How Investment Newsletters “Beat” the Market

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You’ve probably seen the over-sized envelopes in your mailbox: “Get the Prognosticator’s Latest Picks,” “We Were Right About Company ABC – Buy XYZ Before It’s Too Late,” “Lock in Returns of 400% or More…” Inside you find a half-dozen various-sized pieces of paper extolling the virtues of yet another investing newsletter, complete with testimonials, a mockup newsletter (usually missing any actionable information), and a pitch which includes a time-limited, discounted offer with several bonuses, if you act soon. Sound familiar?

If you believe that a low-cost, passive indexing strategy is the best investment philosophy for most investors, you may scratch your head, wondering how these newsletter writers can make such brazen claims. You may even harbor some doubts and second-guessing, wondering if you ought to jump on the bandwagon for those promised double or triple-digit returns. The numbers and testimonials certainly look convincing. They couldn’t print it if it weren’t true, could they?

How do they do it? As much as I endorse a low-cost, passive indexing strategy, I do believe there are some bright and/or lucky individuals out there who can beat the market, for a while. In fact, over any time span you choose, 50% of money managers will outperform the market. And 50% will underperform it. The trouble comes with trying to identify them, in advance. It’s easy enough to identify them in hindsight — just read the advertisements.

The investing landscape is littered with the careers of hot money managers who turned cold. Vanguard, among many others, offers data showing that past performance is no indicator of future performance, and might even be a contra-indicator. In one study, more than 70% of U.S. equity funds that were in the first quartile (top 25%) of performance, dropped out of that quartile in the subsequent three years. (See Portfolio Construction, Table 8.)

So how do those investing newsletters get away with such claims? Here is one strategy: Buy 30 random stocks and record their purchase prices. Wait a while, then check the prices again. The way statistics and markets work, you can be relatively certain that 15 of those stocks will have performed above average. And that 3 of those stocks will have performed in the top 10% of the market. So, start bragging about your stock-picking prowess and the outsize-returns you earned on those three stocks. And don’t mention the 27 others….

In fact, this is so easy, let’s start our own investing newsletter. We’ll call it the Early Retirement Sizzling Stock Selector. So where can we get a basket of 30 stocks? How about the popular Dow Jones Industrial Average? Let’s say we bought a few shares of each component stock in the Dow back at the start of 2011. At the end of the year, we ran some advertising for our newsletter. Well, the top three performers in the Dow last year were McDonalds (up 31%), IBM (up 25%), and Pfizer (up 24%). Wow! Incredible! We are geniuses! Man the presses: “Double-digit returns from safe blue chip stocks are possible even in a weak economy, but you must act now….”

So what’s the catch? The catch is that we had to pick 30 stocks to get our 3 winners, and those 30 included big losers like Bank of America (down 58%), Alcoa (down 44%), and HP (down 39%). And nobody really knows ahead of time which of the 30 Dow stocks will be the winners or losers. The readers of our hypothetical newsletter will have to choose, or guess, for themselves. (Or they could just buy all 30 Dow stocks — otherwise known as passive, index investing.) See how it works?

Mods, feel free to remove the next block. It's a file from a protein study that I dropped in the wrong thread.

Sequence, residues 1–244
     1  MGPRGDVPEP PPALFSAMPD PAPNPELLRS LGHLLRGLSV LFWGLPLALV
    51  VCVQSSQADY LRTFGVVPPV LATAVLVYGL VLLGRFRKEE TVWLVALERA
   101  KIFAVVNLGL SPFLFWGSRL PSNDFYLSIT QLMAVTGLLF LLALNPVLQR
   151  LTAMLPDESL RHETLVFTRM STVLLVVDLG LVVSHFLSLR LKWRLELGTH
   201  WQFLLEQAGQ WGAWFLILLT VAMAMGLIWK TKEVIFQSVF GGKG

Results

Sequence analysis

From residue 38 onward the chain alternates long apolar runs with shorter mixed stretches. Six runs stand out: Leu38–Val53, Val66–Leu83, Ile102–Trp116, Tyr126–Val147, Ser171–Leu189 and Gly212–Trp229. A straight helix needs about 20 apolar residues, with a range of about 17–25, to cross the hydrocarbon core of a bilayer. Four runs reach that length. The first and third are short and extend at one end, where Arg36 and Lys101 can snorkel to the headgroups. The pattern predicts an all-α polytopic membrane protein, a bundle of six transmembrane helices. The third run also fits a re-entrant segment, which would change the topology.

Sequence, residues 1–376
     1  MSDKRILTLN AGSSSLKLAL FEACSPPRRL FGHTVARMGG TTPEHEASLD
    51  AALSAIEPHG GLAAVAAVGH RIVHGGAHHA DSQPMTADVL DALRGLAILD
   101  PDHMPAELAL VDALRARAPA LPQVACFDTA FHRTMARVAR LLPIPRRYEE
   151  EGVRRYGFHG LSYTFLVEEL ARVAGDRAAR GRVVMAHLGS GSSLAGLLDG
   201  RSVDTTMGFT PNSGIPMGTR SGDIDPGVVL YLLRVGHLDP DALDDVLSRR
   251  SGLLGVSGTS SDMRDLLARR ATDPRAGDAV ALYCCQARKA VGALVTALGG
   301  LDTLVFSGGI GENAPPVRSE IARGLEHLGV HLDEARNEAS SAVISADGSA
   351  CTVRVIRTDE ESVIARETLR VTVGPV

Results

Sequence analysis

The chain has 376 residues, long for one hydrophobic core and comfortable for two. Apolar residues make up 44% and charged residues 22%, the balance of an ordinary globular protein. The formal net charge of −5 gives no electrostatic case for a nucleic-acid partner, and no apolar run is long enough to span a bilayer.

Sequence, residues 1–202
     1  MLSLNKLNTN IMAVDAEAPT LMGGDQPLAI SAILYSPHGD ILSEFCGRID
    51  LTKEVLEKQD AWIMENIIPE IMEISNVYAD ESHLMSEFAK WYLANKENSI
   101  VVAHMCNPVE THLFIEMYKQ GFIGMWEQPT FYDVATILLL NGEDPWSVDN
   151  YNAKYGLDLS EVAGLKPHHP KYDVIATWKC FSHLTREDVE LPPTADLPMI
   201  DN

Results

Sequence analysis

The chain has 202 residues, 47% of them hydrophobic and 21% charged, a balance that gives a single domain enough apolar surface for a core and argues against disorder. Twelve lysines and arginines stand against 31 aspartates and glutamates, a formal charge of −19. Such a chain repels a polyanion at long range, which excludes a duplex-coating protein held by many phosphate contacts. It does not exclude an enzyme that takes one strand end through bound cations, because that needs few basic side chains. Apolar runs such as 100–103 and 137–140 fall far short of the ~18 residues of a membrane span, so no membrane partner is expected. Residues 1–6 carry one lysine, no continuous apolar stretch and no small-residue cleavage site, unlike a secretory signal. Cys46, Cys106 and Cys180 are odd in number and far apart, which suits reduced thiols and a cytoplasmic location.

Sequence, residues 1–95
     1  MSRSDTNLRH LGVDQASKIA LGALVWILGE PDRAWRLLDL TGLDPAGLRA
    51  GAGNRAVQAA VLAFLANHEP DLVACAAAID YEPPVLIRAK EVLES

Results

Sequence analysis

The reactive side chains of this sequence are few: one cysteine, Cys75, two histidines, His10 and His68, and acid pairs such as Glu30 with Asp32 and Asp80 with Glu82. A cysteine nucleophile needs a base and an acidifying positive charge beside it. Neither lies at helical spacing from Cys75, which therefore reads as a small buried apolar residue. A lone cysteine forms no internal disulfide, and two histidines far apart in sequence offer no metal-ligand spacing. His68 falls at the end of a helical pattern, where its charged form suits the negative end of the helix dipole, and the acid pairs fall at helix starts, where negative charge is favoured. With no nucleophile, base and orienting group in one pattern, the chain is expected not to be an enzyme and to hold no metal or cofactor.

Here’s a real-life example: In one of my many attempts to accelerate the retirement process, I subscribed for several years to a certain value-oriented investment newsletter. This particular one was highly-ranked by an independent third party as having achieving superior investment returns, out of hundreds of other newsletters, over a period of decades. How could I go wrong?

Here’s what I found: The newsletter covered literally hundreds of stocks. And it issued detailed instructions for buying and selling in virtually every issue. It was essentially running an actively managed mutual fund, and I would have to reproduce that on my own — at monumental time and expense — to have any hope of achieving the same returns. Further, the strategy for buying/selling, though loosely based on valuation metrics, often seemed to boil down to the manager’s gut instincts. So it wasn’t really something I could reproduce at a smaller scale on my own.

The average individual cannot effectively manage dozens, much less hundreds, of individual stock positions, without making it a full-time job. In the end, I abandoned nearly all investing newsletters and active management approaches for simple, safe, reliable passive index investing. And, as a side benefit, I now have a little less to read each month!

But, please don’t conclude that investing newsletters have no value. In fact, I learned something about value investing from the one mentioned above. And I credit another newsletter, Richard C. Young’s Intelligence Report, with much of my early investing education. Dick’s conservative, patient, low-cost, value-oriented philosophy is fundamental to my investing world view.

But the primary value of a good newsletter, or blog, is the regular reminder of investing fundamentals, not the stock picking — which will be difficult, if not impossible, to replicate on your own.

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